But contained in this are profound issues that the SA Football Association (Safa), the Premier Soccer League (PSL), government and supporters of football at large need to interrogate. If there is a vision for the long term, what balance should be struck between that long-term trajectory and pursuit of instant gratification? Should this Chan have been about today’s Fifa rankings and epaulets for the coach and administrators? The truism that a long-term vision does at times require sacrificing today’s pleasures for tomorrow’s rewards needs to be internalised across the board.
In 2012, the Mapungubwe Institute (Mistra) released a research report that looked at the state of South African football, with emphasis on long-term development and application of scientific approaches to the development of the game. It confirmed some of the clichéd truths, but some important new insights have emerged.
Among others, the study found that most of the documented research and knowledge on South African football is based on studies done outside the country. Indeed, compared with other sporting codes, football is under-researched. To build consistent international competitiveness, the role of research and development must be a strategic priority.
Another important finding relates to the lack of specialist coaching for the youth: it requires tailor-made, scientific approaches.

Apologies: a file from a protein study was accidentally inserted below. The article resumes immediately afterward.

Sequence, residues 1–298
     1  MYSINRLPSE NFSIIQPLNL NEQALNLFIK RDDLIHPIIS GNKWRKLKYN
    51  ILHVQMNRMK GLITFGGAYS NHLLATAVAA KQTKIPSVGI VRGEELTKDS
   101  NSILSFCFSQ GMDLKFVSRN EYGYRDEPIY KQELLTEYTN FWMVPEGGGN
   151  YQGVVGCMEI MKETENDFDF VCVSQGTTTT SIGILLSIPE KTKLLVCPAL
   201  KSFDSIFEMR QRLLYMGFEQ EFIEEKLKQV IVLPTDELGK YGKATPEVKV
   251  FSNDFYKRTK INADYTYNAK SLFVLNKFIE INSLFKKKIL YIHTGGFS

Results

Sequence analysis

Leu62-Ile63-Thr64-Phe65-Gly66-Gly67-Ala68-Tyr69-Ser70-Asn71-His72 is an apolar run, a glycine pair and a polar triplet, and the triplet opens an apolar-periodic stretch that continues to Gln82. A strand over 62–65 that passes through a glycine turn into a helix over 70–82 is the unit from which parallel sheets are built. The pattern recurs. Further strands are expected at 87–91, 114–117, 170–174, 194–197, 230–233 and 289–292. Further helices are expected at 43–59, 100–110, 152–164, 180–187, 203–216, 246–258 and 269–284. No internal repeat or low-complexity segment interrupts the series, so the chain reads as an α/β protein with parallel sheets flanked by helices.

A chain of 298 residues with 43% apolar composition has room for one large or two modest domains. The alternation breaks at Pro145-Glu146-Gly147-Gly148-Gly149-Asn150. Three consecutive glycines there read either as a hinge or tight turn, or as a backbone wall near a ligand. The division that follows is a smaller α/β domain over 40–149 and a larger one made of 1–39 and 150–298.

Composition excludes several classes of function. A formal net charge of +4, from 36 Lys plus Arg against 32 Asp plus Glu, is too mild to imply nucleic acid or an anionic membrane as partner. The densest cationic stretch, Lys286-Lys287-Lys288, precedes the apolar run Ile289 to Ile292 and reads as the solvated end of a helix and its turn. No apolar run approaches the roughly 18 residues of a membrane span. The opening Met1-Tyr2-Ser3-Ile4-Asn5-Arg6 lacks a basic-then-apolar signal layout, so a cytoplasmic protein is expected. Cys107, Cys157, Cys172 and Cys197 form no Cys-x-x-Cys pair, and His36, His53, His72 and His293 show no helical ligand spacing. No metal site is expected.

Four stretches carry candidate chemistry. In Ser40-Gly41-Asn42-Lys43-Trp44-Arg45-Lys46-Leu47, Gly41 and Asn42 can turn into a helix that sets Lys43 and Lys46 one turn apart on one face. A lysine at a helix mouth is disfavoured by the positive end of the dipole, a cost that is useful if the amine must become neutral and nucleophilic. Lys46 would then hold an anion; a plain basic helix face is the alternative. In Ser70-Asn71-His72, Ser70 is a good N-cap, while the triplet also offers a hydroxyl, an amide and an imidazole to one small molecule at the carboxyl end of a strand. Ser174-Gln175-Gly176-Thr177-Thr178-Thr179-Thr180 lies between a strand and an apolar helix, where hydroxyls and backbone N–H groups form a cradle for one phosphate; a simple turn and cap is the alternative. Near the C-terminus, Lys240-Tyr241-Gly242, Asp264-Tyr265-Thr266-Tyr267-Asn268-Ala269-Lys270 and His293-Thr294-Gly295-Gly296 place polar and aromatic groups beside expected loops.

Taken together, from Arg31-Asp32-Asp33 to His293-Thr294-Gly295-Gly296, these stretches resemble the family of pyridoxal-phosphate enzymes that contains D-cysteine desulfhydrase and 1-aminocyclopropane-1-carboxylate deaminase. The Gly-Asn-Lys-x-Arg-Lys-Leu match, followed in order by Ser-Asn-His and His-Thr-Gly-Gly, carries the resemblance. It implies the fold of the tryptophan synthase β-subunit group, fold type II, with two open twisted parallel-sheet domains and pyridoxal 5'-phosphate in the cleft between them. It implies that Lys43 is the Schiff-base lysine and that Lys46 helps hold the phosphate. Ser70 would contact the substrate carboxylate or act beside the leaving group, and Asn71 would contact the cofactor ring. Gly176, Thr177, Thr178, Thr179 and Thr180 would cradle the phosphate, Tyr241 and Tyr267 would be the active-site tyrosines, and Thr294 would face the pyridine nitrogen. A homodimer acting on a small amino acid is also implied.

The mental and physiological make-up and demands on a teenager are not the same as on a senior team player. Besides this deficit, South Africa seems to suffer from debilitating ageism.
The young Chan 2014 players from countries such as Nigeria and Ghana are already actively plying their trade in local leagues, and some were recalled from trials abroad. In South Africa, many young players in PSL teams are twiddling their thumbs on the sidelines. And there is no serious reserve league to speak of.
Modern football has developed, with ever-changing, specialised needs and demands placed on supporters, players and managers, on and off the field.
For instance, a lot of work and specialisation goes into pre-match, during-the-match and post-march analytics, training, planning and management. No one aspect or department can function optimally without the input of the other component parts.
Approaches to the game have become so nuanced that a complex of management, coaching, training, talent identification and retention, as well as scientific, nutritional, medical and psychological aspects combine to determine whether a team stays on top or not.
In addition, international comparative analysis identifies good working relations between professional leagues and football associations as an important ingredient to success. For instance, in Germany, the football association sets standards on youth development programmes that clubs in the professional league are compelled to comply with as part of licensing.